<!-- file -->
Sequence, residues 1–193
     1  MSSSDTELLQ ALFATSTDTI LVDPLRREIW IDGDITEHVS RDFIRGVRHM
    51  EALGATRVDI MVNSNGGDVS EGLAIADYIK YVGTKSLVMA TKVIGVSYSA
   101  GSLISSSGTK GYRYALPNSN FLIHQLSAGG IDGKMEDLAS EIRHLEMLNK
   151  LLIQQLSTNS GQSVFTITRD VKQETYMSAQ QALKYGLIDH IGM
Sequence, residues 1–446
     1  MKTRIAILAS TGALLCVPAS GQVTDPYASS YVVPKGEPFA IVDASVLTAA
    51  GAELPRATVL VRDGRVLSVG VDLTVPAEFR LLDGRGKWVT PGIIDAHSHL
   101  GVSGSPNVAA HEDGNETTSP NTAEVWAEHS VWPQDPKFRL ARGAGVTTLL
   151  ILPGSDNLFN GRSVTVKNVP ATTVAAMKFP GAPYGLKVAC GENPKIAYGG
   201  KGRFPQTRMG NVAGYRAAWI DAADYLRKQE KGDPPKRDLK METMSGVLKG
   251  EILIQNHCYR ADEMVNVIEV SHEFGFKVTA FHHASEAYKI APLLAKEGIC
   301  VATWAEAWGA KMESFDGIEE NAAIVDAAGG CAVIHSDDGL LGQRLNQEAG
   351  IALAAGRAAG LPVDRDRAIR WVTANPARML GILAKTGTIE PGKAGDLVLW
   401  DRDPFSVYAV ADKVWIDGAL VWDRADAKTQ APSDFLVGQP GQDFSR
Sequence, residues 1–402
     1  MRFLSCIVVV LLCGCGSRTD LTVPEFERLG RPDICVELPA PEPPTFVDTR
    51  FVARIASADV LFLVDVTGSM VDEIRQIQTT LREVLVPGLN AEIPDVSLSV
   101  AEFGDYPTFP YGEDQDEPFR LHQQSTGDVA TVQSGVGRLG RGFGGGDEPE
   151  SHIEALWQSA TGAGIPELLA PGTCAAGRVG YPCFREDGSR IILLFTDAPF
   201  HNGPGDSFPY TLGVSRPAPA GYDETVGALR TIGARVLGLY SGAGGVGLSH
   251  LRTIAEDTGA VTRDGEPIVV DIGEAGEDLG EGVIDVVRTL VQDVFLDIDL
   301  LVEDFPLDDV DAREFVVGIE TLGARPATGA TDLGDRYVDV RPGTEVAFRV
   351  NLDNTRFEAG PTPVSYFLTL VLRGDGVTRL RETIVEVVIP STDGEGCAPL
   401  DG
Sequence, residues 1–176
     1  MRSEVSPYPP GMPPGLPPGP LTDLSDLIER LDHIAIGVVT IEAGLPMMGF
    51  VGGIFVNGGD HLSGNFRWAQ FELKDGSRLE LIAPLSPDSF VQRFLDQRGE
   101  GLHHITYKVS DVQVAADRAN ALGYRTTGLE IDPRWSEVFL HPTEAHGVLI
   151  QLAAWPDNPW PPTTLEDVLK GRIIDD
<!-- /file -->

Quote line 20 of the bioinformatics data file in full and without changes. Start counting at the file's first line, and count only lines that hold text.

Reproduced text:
   151  SHIEALWQSA TGAGIPELLA PGTCAAGRVG YPCFREDGSR IILLFTDAPF